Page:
Titanic Financials

Is our financial system too big to fail, or just too big?

RMS Titanic. Public Domain. Source: Wikimedia Commons

With LIBOR alternatives, Ponzi schemes, and financial corruption still in the news, many folks are saying, “Stop the financial system, I want to get out!” But exiting the current financial system just isn’t practical. Sure, we could turn off our cell phones, raise our own wheat, and buy and sell stuff using Bitcoins or Ether, but that’s just not practical. Changing to an Amish lifestyle or getting off the grid would mean moving back to a 19th-century standard of living, where basic survival was a priority and people died just because they got infected blisters.

And 19th-century life wasn’t financially that simple, either. There were competing gold-based, silver-based, and paper currencies, some of which were “not worth a Greenback” – the Civil War paper currency. The Second Bank of the United States was filled with scandal, dishing out equal parts graft and payola. It gradually evolved into our modern central bank.

And our current financial system isn’t so complex system as it’s highly interconnected. We have local banks, global banks, investment banks, insurance companies, mutual funds, and hedge funds all playing in the same sandbox. There isn’t enough hierarchy and modularity, so a few centralized players become “too big to fail” and if they become insolvent they could pull down the entire financial system. That’s what the Financial Crisis was all about.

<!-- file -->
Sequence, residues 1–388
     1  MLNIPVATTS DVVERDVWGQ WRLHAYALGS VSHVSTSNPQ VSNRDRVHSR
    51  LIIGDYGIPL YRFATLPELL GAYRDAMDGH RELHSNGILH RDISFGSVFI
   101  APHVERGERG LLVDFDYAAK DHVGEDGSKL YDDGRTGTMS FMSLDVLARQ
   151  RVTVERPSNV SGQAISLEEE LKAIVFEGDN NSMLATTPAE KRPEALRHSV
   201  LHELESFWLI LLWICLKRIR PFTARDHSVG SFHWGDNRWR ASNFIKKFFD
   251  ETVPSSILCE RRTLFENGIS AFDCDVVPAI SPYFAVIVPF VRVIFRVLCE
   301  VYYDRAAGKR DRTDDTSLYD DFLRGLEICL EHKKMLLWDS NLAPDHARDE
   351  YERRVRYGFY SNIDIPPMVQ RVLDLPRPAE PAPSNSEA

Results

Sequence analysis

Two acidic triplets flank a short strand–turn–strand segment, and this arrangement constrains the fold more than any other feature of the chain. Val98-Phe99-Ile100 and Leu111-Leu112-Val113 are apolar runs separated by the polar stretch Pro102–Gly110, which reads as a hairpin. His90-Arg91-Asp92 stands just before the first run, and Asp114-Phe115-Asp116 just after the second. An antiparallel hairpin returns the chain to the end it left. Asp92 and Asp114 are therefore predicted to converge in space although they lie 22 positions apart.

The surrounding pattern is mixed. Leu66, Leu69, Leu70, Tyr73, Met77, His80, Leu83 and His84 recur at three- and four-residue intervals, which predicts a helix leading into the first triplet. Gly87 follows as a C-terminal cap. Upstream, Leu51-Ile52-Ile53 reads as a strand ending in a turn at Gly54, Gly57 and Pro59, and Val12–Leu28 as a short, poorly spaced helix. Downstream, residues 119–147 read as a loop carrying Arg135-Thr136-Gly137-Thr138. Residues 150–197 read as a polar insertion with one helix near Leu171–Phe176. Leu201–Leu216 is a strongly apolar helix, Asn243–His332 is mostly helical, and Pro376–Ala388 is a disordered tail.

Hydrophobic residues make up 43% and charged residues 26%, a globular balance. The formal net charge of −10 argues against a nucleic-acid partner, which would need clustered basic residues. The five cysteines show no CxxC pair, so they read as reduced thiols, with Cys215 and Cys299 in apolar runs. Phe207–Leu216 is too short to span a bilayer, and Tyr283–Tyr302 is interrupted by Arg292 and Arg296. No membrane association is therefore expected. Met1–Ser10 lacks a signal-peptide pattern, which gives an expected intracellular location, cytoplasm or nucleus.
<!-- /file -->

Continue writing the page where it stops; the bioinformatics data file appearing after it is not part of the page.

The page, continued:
What we need is a modular system, where one sector’s failure wouldn’t threaten the others. That’s what we see in biological systems, where a broken bone doesn’t endanger our heart, or in education systems, where problems in elementary schools are distinct from issues in community colleges or research universities. It’s what was supposed to happen on The Titanic but too many of her waterproof hull sections were ruptured.

A modular financial system could still be flexible enough to handle the modern world but would have subsystems whose failure wouldn’t endanger the others. Yes, our financial world is complex—always has been. But it needs to be safer.

Douglas R. Tengdin, CFA

Charter Trust Company

“The Best Trust Company in New England”

By |2018-07-12T09:37:30+00:00July 11th, 2018|Global Market Update|0 Comments

About the Author:

Mr. Tengdin is the Chief Investment Officer at Charter Trust Company and author of “The Global Market Update”. The audio version of each post can be heard on radio stations throughout New England every weekday. Mr. Tengdin graduated from Dartmouth College, Magna Cum Laude. He received his Master of Arts from Trinity Divinity School, Magna Cum Laude and received his Chartered Financial Analyst (CFA) designation in 1992. Mr. Tengdin has been managing investment portfolios for over 30 years, working for Bank of Boston, State Street Global Advisors, Citibank – Tunisia, and Banknorth Group. Throughout his career, Mr. Tengdin has emphasized helping clients manage their financial risks in difficult environments where they can profit from investing in diverse assets in diverse settings. - Leave a comment if you have any questions—I read them all! - And Follow me on Twitter @GlobalMarketUpd

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